I like bananas. Is our compulsion to eat bananas an acquired taste that our mothers nurture in us from birth? Do they truly taste good, eaten straight? This is a topic for debate. No matter which side of the issue you come down on, bananas are a little compact package of nutrition that is widely over-purchased. I like mine just yellow, very small traces of green remaining, and before any sugar-spots appear. At this stage, they still have some chew before they melt into silky sweetness on your tongue. What should I do with bananas that have crossed the line, that are over ripe, soft, turning black, and emitting sickly sweet tropical odors?
Living in a family of four, it is impossible to predict the amount of bananas to purchase every week or weather they will be eaten or not. Banana bread is a delectable solution. This recipe is easy, requires no mixer, and you can add whatever dried fruits or nuts you like. The bread freezes well, is non dairy, and has simple ingredients. This recipe is enough for two breads. If you have only two or three over-ripe bananas, you can practice your math skills, cut the quantities in half, and make only one bread.
1 and 1/4 cups packed brown sugar
1 cup granulated sugar
1 cup oil (I prefer sunflower or safflower)
2 cups mashed banana (around 4-5 bananas depending on size)
3 extra large eggs
1 teaspoon vanilla
2 teaspoons baking soda
1/2 cup boiling water
4 cups flour
½ teaspoon salt
1 teaspoon cinnamon
1 cup chopped pecans
1 cup chopped dates
1 cup chopped dried cherries
Preheat oven to 350º F. Combine first four ingredients in a large mixing bowl and beat with a whisk until well combined. In a separate small bowl or measuring cup, mix boiling water with baking soda, add foaming hot liquid to banana batter, and incorporate.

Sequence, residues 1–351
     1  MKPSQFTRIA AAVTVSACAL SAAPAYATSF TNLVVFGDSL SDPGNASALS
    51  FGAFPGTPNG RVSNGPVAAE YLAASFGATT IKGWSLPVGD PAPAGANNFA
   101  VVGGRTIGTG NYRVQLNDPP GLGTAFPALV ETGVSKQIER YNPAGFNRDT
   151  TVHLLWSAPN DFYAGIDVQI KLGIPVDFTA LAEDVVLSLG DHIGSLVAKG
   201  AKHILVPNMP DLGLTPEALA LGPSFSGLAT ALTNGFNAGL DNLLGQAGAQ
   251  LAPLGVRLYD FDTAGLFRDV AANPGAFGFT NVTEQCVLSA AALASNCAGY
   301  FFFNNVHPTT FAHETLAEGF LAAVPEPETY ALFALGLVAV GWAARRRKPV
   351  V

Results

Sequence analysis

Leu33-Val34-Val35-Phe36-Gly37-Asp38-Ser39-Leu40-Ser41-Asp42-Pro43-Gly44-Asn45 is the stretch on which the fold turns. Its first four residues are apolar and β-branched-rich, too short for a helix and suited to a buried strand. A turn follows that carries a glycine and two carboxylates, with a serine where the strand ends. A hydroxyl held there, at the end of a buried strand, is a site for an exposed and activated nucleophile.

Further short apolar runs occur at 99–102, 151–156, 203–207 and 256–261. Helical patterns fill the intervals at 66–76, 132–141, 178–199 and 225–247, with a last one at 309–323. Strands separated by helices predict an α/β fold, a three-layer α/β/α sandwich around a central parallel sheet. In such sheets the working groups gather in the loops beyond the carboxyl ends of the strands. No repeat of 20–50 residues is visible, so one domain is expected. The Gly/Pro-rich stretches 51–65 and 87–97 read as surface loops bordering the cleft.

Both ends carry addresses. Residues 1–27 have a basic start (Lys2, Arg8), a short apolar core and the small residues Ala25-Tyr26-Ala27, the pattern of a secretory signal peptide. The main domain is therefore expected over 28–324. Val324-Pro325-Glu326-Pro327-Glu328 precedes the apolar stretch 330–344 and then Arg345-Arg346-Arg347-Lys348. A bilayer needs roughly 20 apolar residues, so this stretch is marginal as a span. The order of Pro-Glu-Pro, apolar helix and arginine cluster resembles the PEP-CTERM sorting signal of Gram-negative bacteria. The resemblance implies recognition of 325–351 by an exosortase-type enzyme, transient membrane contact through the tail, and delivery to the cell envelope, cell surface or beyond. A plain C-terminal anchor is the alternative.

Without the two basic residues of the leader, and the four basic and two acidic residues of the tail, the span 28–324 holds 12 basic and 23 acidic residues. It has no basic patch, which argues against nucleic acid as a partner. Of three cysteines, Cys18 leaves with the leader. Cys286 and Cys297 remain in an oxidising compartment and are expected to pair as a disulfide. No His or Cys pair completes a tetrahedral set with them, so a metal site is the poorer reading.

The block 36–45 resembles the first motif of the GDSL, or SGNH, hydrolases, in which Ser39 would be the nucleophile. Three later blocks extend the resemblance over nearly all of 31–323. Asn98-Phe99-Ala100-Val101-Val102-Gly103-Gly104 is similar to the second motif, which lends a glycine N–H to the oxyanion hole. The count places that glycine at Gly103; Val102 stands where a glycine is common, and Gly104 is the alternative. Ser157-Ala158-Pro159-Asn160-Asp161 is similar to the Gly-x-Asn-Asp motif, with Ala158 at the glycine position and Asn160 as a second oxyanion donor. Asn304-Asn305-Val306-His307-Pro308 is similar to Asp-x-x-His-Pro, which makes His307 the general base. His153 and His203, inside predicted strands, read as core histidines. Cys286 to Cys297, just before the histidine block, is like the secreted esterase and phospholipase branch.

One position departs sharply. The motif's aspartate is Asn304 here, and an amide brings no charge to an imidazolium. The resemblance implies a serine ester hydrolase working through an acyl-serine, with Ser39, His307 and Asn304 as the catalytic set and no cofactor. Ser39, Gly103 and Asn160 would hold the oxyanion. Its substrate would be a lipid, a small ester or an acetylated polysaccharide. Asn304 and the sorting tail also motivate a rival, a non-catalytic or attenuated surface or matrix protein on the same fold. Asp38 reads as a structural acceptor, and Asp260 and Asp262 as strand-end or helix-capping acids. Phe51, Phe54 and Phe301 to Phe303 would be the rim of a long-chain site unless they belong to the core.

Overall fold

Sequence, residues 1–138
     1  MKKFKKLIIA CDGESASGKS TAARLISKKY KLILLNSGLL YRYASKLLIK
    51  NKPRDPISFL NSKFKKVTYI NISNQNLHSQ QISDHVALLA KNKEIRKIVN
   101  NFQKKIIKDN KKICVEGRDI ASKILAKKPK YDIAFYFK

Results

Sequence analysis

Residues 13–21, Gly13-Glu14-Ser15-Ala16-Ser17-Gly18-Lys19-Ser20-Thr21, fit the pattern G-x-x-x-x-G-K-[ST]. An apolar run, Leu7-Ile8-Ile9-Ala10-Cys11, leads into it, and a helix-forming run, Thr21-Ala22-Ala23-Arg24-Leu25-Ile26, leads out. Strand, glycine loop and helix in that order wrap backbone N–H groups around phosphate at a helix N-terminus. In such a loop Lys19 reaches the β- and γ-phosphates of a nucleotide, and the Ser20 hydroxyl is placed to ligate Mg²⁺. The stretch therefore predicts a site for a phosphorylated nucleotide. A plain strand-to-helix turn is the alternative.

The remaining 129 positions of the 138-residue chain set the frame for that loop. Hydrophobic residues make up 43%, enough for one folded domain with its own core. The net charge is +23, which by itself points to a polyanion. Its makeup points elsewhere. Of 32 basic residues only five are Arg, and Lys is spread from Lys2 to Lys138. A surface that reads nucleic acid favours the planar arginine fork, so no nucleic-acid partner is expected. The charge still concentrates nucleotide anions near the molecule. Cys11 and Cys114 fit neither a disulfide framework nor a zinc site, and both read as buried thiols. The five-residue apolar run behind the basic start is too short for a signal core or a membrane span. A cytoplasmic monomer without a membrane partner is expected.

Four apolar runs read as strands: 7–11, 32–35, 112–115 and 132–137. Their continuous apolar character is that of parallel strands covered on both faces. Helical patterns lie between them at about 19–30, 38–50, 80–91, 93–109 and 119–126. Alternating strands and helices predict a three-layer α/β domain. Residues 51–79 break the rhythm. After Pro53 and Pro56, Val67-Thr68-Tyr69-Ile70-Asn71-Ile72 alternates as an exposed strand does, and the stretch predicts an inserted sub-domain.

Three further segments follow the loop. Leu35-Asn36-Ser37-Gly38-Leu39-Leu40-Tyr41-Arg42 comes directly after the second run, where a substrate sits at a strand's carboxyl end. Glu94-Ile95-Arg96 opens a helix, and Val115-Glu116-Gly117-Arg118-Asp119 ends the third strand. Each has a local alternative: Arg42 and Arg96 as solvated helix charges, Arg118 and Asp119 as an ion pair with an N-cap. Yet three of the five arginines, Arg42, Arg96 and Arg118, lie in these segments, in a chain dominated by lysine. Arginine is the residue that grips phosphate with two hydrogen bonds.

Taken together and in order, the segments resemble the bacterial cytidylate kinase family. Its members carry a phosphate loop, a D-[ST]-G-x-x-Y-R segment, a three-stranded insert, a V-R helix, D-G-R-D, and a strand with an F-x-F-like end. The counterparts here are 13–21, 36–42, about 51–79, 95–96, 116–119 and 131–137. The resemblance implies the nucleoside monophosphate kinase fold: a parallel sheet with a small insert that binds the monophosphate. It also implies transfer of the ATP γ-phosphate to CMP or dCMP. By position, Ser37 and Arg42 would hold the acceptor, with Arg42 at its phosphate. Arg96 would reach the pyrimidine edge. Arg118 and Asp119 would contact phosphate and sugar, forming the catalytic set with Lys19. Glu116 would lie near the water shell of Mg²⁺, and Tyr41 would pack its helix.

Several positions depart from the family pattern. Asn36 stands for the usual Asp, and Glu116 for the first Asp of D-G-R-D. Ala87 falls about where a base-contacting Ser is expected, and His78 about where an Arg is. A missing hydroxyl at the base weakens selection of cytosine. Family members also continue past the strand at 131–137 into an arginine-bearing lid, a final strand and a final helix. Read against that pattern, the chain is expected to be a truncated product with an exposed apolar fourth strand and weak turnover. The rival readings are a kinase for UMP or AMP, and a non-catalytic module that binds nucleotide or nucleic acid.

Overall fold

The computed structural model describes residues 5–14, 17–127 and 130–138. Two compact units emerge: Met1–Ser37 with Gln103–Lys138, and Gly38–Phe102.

Crack eggs into a glass bowl or cup, check them, and then add vanilla. Pour eggs into banana mixture. Whisk to combine.
Measure flour and other dry ingredients in a separate bowl. Stir flour mix with a fork to blend. Add flour mix to wet ingredients and whisk to blend. Place all chopped fruits, cherries and or raisins and chopped pecans in batter and gently incorporate.
Prepare two large loaf tins. Grease them with cooking spray. I use the all natural canola oil (Spectrum brand). Divide batter into greased loaf pans. Tamp tins down on counter to remove any air bubbles that may be lurking. Place them on middle rack in oven.
Bake about 30 minutes at set temperature and then, turn heat down to 325º F. and continue baking another 20-30 minutes, or until a tester comes out clean. A tester is a long toothpick inserted into the middle of the cake or bread in this case and withdrawn immediately. If there are wet crumbs clinging to it, the cake is not done. If it comes out clean, the cake is done. Cool breads on a rack about 10 minutes, invert pan, and remove loaf. It is important to cool breads or cakes on a rack since this allows air to circulate under pans while it’s cooling. Air circulation results in a better texture. You can eat it after it is cool, or freeze it for later. I freeze one and leave one out.
Thanks, Linda!! I have some bananas just ready for this recipe!!!
Linda Capeloto Sendowski says
Hi Karen, I think it would get moldy. There is no alcohol in this cake and I believe fruit cake is a much higher ratio of dried fruits, no fresh fruits like banana. Fruit cake is much denser. Try it and let me know. thanks linda